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how should I seperate visualization from implementation logic?

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I have a question of how I should manage the logical seperation of the game implementation from visualization. Say for instance, I have a "Dirt" object. is there a best practice for seperating the "this is how it should be displayed" from "this is how the game uses it"? Thanks, -Jason

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and fyi, how i'm doing it right now, is i'm not coding any visualization information, just stuff that matters to the actual simulation.

I have a seperate visualization sub-system that then reads the various simulation objects that should be rendered, and then acts appropriately (meaning, I programatically pick the model/render info based on the objects state)

I'd like to hear if there's a more elegant, or even "more traditional" solution to this.

Thanks,

-J

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Search for the Model-View-Controller pattern.

http://en.wikipedia.org/wiki/Model_view_controller

Ordinary software engineering practices apply to game dev too.

And read the thread 15 lines below yours:
http://www.gamedev.net/community/forums/topic.asp?topic_id=454472

It's about linking physics to graphics -> visualization from simulation or logic, if you want.

--
i really like to know how much redundant information a forum contains approximately, with the same questions popping up every month. i am looking forward to a reply-pattern catalog.

[Edited by - stephanh on July 9, 2007 9:56:50 AM]

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thanks for those links, from looking at those links, I think the MVC patern might be the best bet, i'll do some more research and post back how it goes!


and FYI, if there are repeat questions, you should have the moderator put it in the Forums's FAQ (I looked there for an answer and searched the forums before I posted this question)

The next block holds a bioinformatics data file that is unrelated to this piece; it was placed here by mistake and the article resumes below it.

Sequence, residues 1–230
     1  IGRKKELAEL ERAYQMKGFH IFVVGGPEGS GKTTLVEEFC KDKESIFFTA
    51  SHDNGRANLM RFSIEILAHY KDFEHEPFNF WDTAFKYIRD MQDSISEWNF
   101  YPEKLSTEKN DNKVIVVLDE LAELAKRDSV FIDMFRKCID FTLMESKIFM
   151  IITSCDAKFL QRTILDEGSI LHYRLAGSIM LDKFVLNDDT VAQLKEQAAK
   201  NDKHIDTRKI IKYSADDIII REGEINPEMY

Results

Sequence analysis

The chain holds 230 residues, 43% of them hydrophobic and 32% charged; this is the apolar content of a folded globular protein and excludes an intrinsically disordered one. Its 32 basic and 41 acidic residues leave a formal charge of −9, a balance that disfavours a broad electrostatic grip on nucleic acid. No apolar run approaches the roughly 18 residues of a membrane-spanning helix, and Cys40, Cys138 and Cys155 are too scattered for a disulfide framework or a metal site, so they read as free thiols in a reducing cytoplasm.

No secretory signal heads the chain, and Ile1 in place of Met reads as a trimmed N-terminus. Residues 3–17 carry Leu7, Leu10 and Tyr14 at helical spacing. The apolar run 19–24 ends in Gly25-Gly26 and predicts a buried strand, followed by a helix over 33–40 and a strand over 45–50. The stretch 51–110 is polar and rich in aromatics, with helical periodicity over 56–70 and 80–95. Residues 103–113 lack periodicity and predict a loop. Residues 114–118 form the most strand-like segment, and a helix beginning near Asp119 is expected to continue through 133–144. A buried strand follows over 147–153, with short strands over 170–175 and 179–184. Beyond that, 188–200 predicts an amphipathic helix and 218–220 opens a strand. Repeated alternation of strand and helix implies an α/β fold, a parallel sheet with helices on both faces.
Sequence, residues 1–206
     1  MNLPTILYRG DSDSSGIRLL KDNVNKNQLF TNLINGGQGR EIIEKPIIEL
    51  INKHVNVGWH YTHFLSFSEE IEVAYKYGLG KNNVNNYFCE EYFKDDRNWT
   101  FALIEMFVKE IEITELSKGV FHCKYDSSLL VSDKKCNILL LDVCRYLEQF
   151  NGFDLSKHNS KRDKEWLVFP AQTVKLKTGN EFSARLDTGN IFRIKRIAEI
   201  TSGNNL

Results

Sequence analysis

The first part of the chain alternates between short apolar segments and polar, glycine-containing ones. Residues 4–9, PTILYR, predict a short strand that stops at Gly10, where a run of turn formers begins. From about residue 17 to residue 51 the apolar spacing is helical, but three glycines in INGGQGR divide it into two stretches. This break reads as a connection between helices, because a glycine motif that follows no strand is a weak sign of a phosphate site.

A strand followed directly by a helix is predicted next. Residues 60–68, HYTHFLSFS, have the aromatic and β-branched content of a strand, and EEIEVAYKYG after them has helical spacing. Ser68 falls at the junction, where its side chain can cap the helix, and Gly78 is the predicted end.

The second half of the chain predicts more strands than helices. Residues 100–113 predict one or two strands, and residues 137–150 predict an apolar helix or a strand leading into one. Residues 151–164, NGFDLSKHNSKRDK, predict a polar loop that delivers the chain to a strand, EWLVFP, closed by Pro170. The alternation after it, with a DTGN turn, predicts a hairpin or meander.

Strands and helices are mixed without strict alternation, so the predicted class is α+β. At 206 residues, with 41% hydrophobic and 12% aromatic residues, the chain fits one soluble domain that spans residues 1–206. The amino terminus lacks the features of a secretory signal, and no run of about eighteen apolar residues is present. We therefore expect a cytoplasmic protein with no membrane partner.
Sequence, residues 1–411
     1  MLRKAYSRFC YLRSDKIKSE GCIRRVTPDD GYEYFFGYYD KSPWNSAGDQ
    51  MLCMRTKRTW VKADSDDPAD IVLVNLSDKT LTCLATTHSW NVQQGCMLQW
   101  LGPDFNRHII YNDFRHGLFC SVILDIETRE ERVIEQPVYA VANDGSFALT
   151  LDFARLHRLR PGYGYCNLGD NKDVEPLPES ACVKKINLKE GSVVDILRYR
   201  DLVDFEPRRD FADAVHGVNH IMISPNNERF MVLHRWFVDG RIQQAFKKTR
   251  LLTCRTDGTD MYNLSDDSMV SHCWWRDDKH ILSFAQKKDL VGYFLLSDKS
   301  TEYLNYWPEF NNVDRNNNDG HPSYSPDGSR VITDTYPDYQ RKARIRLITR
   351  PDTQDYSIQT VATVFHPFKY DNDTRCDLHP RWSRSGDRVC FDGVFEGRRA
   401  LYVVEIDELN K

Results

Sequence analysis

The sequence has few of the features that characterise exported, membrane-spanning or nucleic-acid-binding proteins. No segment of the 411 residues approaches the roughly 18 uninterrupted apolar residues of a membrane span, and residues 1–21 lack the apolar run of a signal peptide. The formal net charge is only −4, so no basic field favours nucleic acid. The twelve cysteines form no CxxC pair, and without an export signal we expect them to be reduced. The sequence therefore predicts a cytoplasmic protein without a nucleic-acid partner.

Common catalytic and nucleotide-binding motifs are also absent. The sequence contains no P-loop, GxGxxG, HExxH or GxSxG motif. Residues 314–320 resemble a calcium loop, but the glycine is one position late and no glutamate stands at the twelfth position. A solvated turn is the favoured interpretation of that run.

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In many engines there is a concept of a "Renderable" (although it goes by many different names) which is often a base class that an object must inherit in order to be "hooked in" to the rendering system. This base class might be as simple as a single virtual Draw() method. To make a visual representation of an object, the application would create a class which inherits from this base and add whatever data is necessary for visualization of that particular object. Then, the application-level object might have a member variable which is the renderable-derived object (although sometimes it might be preferable for the application-level object to inherit from the renderable directly).

The most typical example of this is a high-level "Actor" object, which has a ModelInstance, which is a Renderable. The ModelInstance would have a pointer to the model data (or the class which encapsulates it).

There are lots of permutations on this theme, though, and no two engines do it exactly the same way. For example, in our current engine we have an Actor which inherits from a ModelEntity which has a ModelInstance. The ModelInstance is not a "Renderable" per se, rather the ModelEntity is.

I'm not sure I've understood your question exactly, but hopefully that helps.

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